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Colleges weigh in on the Supreme Court's affirmative action decision

Colleges largely indicated they would keep working to attract and admit diverse student bodies.
A protester holds a sign outside the Supreme Court
Posted at 10:05 PM, Jun 29, 2023

In a 6-3 ruling, the U.S. Supreme Court said Thursday that race cannot be used as a factor in deciding college admissions — putting a halt to a process colleges have used for years to inform the makeup of their student bodies.

The University of North Carolina and Harvard University, the two colleges whose policies were challenged in the cases, both issued statements following the ruling.

UNC Chancellor Kevin Guskiewicz wrote:

"Carolina remains firmly committed to bringing together talented students with different perspectives and life experiences and continues to make an affordable, high-quality education accessible to the people of North Carolina and beyond. While not the outcome we hoped for, we will carefully review the Supreme Court's decision and take any steps necessary to comply with the law."

"We write today to reaffirm the fundamental principle that deep and transformative teaching, learning, and research depend upon a community comprising people of many backgrounds, perspectives, and lived experiences," Harvard's statement read. "That principle is as true and important today as it was yesterday."

Activists demonstrate as the Supreme Court considers a college admissions affirmative action case.

Supreme Court overturns ruling on college affirmative action policies

In a 6-3 ruling, the U.S. Supreme Court said race cannot be used as a factor in deciding college admissions.


Clarence D. Armbrister, president of Johnson C. Smith University, a historically Black college in North Carolina, called it "a sad day for diversity in America."

"By limiting race in admissions decisions, the Supreme Court has begun to reconstruct the roadblocks that blocked the paths of African Americans in this country for the over four hundred years we have been here. Those of us who work at HBCUs already know talent can be found in all hues of people."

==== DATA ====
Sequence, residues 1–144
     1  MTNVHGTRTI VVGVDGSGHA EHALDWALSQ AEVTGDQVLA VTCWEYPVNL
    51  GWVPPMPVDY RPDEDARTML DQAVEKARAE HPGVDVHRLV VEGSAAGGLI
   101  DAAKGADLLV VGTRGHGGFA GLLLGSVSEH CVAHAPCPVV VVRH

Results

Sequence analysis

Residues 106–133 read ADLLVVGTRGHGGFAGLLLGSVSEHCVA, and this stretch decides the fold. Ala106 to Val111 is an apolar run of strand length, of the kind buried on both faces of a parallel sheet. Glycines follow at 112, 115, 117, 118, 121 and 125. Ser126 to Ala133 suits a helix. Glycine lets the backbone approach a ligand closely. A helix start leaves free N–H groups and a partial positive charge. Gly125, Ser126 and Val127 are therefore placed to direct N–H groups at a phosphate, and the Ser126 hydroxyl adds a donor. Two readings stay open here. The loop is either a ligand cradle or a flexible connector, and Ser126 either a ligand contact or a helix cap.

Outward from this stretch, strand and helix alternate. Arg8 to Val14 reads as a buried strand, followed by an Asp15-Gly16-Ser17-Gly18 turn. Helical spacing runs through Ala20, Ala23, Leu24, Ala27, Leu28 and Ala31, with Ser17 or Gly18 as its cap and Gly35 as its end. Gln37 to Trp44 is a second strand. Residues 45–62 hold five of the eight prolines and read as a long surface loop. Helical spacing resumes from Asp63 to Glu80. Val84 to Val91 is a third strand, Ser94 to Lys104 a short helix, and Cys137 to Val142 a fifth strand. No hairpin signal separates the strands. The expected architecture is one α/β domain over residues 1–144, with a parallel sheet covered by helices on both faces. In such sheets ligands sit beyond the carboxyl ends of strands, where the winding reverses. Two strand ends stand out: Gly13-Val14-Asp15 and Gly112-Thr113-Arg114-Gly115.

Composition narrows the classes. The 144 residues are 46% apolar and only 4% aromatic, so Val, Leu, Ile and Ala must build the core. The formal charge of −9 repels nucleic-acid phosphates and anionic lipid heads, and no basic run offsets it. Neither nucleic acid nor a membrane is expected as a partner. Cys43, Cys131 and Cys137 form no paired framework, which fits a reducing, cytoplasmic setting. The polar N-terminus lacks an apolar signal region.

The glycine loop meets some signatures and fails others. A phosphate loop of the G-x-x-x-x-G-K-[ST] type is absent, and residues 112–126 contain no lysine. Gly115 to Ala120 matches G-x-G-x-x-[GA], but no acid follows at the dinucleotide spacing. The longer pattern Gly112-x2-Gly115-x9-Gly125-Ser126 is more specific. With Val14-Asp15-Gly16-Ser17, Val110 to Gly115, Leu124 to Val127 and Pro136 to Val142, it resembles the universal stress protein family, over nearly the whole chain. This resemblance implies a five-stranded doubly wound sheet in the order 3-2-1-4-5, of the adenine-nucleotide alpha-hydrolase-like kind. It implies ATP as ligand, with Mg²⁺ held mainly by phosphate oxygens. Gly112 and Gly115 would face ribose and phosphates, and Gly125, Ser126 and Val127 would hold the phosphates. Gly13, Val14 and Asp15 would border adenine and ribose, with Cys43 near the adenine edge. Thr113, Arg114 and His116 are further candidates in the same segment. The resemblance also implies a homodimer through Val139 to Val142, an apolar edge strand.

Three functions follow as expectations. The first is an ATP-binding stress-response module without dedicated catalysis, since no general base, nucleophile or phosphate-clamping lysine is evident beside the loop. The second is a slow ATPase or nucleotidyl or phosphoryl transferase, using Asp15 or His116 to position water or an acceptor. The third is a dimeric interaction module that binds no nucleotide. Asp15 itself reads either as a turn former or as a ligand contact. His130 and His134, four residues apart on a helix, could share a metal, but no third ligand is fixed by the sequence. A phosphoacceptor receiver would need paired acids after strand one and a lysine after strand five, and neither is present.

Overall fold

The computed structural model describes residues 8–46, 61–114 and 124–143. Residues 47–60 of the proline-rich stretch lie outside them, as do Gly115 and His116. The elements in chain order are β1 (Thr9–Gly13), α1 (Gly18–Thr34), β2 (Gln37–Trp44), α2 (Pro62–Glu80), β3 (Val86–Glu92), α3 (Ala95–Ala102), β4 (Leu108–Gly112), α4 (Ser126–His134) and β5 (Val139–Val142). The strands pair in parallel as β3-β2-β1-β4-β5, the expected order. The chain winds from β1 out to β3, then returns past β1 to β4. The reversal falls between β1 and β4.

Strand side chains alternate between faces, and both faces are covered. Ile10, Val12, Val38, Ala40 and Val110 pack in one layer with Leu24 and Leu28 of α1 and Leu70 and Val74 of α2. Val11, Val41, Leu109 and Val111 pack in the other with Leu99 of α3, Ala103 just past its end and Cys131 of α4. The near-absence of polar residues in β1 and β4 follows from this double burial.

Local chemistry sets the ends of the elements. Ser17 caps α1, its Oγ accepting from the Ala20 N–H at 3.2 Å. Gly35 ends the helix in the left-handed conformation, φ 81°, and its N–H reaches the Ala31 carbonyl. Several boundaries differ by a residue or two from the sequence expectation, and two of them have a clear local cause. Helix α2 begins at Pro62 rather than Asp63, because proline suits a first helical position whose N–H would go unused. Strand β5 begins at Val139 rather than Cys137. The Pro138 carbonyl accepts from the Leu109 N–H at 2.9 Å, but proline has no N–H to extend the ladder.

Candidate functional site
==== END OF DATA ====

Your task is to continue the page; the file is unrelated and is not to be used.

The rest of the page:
University of Wisconsin-Madison Chancellor Jennifer L. Mnookin acknowledged that practices would now change.

"The ruling will require some modifications to aspects of our current admissions practices; we will, of course, adapt our practices to comply with the law. At the same time, I want to reiterate that our commitment to the value of diversity within our community, including racial diversity, remains a bedrock value of the institution."

Writing in the Economist, Columbia President Lee Bollinger said he disagreed with the ruling because "affirmative action has done a world of good."

"It has a clear record of fostering diversity in higher education. Decades of social-science research, as well as my own experience, confirm that diverse learning environments benefit all students by increasing cross-racial understanding, discouraging stereotypical thinking and creating a path to leadership that is visibly open to all," Bollinger said.

A person protests outside of the Supreme Court.

Biden, politicians condemn SCOTUS ruling on affirmative action

The Supreme Court's decision on affirmative action in college admissions prompts diverse political opinions.


Meanwhile, reactions in the Executive Branch and in Congress split largely across party lines. President Biden said the ruling "upended decades of precedent that enabled America's colleges and universities to build vibrant diverse environments," while House Speaker Kevin McCarthy said he expected the decision would "make the college admissions process fairer and uphold equality under the law."